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So you want to be an IT lawyer?

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Lance Michalson

I often get emails from law students wanting to know more about ICT law and what they should study if they want to have a career in ICT law.


Well first off, we need to be on the same page about the subject matter: ICT. A good start is to read our post “What is ICT?

Its always useful to see what other students are thinking. I think its worthwhile reading Eugene Volokh’s 2008 post on his blog.

The legal profession

Before you even think of enrolling for your law degree, you had better try and understand what the legal profession is all about and what you are letting yourself in for. My partner John, referred me to a wonderful article by Patrick Schiltz titled “On Being a Happy, Healthy, and Ethical Member of an Unhappy, Unhealthy, and an Ethical Profession” which for me is a must read (more like plough through as it is 81 pages long).

Future of law

Regarding the future of IT law in South Africa, I think the focus should be on the future impact of technology on the practice of law and what law schools are doing by way of preparing future lawyers for the legal workplace which is different to when I first started and will most certainly change (profoundly) over the next 15 or so years. You should listen to the interview with Dr. Richard Susskind by Mark Harding, Group General Counsel, Barclays Bank PLC earlier this year as well as read the Law.com 2008 interview with Richard Susskind whose book I highly recommend below for insight into what I am talking about here.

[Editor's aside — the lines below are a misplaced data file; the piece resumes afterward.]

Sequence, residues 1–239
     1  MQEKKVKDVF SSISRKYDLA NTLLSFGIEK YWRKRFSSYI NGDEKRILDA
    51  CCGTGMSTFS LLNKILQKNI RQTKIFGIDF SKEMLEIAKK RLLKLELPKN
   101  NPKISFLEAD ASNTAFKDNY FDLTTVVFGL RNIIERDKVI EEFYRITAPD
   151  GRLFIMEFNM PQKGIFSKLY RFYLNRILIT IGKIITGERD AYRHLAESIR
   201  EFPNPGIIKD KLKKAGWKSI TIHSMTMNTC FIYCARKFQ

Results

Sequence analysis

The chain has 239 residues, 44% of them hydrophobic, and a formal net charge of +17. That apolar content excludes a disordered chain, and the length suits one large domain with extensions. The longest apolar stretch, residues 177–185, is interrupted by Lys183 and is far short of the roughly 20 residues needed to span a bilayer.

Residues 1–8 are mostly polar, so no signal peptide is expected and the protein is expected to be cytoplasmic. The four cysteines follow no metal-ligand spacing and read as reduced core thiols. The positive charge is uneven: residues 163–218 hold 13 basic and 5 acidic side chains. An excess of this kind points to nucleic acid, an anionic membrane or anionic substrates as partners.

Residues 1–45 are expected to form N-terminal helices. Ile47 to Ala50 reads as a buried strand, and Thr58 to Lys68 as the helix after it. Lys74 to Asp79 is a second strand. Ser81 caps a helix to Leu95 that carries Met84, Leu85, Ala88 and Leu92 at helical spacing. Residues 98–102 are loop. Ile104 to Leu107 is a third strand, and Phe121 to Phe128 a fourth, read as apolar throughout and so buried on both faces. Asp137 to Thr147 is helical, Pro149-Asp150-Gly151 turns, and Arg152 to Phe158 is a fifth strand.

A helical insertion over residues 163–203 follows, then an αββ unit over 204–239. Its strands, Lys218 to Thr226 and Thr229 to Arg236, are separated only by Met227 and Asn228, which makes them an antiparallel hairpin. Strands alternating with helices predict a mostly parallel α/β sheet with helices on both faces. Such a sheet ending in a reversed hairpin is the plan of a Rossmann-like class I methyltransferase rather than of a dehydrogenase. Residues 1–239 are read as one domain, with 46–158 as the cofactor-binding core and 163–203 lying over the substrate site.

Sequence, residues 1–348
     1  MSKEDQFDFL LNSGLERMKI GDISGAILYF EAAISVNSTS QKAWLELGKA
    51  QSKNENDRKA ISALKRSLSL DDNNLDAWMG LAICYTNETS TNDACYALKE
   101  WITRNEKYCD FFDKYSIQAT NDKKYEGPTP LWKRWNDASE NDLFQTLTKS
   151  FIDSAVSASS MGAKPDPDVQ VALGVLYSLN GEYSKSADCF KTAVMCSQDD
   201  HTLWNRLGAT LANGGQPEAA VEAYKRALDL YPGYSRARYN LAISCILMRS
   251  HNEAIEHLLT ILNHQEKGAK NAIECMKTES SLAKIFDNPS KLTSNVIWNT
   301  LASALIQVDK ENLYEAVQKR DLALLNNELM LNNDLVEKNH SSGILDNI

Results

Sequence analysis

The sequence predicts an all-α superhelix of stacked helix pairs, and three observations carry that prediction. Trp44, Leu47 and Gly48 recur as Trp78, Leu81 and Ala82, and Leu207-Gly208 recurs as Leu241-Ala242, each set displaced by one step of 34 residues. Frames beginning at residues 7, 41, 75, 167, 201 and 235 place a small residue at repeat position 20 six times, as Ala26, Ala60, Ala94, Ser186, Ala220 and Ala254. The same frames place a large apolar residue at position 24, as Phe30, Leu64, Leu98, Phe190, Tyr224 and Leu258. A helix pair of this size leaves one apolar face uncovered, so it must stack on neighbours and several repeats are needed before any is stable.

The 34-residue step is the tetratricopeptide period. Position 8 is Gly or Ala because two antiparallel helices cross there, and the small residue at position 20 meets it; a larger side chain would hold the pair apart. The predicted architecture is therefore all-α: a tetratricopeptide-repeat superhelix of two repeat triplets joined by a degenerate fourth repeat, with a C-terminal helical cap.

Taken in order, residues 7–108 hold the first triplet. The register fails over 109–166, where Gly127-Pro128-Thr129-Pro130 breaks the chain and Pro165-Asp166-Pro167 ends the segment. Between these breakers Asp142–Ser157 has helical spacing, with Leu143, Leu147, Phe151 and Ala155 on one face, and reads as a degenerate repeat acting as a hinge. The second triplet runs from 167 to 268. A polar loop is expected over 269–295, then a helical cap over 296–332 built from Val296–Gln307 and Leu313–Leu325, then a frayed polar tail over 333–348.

Based on the discussions that I have had with law students, very few have any sense of the likely impact or relevance of, for example, the commoditisation of legal services, multisourcing, or disruptive legal technologies (e.g. automated contract assembly – see for example our PropDox site). I believe that law schools need to expose their students to likely trends and to think deeply about new skills that will be needed in practice. For a good article on these new skills, I suggest that you read the article written by Gene Koo of the Berkman Centre for Internet and Society at Harvard Law School titled “New Skills, New Learning: Legal Education and the Promise of New Technology“.

Some good books

There are several books which have greatly influenced my thinking over the past 10 years and would regard them as required reading for anyone who is taking the future of law seriously. Three books you should read are:

I wish you all the very best of luck and would be most interested to hear your views. Feel free to send me an email.

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